Beechworth Gold
Beechworth Gold

Australian jewellers also need to respond to shifting external variables like the high gold price and a strong Aussie dollar by refining and improving all facets of retail and marketing, argues Joanne Russell of Beechworth Gold, located in the old gold mining belt of country Victoria. “We need to focus on even better quality customer service for return business, as well as being more competitively priced,” Russell says. “We also believe in developing a more productive website, which will enable us to strengthen our broader marketing and sales within Australia and overseas.”

Economical times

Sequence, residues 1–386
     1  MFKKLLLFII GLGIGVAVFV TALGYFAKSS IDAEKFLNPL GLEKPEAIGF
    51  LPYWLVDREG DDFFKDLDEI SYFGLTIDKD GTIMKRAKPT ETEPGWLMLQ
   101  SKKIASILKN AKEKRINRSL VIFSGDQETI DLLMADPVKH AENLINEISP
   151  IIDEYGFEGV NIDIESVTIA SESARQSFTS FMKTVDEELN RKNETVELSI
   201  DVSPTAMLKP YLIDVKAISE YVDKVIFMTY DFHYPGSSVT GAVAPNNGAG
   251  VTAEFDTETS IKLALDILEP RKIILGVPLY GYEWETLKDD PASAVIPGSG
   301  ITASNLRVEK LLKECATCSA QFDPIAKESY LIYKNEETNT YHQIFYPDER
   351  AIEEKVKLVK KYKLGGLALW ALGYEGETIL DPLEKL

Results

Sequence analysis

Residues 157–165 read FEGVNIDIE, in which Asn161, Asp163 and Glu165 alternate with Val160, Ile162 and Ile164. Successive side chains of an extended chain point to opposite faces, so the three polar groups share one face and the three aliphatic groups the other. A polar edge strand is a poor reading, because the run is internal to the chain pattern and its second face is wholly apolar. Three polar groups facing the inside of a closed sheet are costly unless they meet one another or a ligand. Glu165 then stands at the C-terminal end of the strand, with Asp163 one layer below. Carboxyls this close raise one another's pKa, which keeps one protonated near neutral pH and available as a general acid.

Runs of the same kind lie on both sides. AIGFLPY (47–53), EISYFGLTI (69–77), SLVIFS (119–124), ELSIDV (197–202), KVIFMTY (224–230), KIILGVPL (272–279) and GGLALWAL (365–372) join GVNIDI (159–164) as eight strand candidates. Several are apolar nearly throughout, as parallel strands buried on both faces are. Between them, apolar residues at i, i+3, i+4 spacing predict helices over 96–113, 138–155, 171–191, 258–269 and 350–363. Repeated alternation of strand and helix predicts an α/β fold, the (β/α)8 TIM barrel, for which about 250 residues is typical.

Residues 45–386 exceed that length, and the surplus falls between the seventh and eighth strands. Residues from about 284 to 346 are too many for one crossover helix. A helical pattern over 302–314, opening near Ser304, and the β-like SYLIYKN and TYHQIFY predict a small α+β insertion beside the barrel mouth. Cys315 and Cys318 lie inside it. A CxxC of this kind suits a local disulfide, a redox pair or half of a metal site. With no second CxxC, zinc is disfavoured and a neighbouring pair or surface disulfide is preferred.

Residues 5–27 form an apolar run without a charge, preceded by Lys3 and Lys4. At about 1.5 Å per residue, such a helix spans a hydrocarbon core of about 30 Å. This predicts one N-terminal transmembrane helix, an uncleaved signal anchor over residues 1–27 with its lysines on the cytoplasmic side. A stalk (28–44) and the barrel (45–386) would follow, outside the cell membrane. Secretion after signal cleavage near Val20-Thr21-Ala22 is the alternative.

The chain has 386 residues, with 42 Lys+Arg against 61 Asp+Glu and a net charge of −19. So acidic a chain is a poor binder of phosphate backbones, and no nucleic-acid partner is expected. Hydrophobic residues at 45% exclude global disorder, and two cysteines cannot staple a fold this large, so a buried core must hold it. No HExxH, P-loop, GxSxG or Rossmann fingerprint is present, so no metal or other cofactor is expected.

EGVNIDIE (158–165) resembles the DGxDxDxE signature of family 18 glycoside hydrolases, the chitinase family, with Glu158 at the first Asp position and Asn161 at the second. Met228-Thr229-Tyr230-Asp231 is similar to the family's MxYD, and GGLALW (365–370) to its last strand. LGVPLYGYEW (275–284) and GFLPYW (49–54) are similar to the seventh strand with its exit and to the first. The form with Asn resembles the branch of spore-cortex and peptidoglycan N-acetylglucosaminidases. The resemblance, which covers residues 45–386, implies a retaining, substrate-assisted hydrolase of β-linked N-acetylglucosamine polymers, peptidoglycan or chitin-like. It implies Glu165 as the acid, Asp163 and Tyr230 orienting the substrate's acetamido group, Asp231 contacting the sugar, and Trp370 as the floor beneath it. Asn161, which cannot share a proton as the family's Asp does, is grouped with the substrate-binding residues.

With the gold price likely to hit new highs above $1,600 in 2011, and with no ceiling in sight, jewellers are finding other ways to be more prudent with their precious metals. As also reported in the Financial Times, Jason Holt of London bespoke jeweller R Holt & Co, which designs and manufactures luxury jewellery, has invested in technology so that gold remains economically viable for his designs. Computer Aided Design (CAD) technology, for one, will save 15 to 20 per cent of the yellow metal that is lost through more cumbersome hand-made processing. Another way to mitigate the high price of gold will be to introduce an in-house casting process, a service which “traditionally adds a healthy margin”, notes Holt – thus, it’s presumed that in the long-term a high-end jeweller will recoup costly capital investment in casting equipment.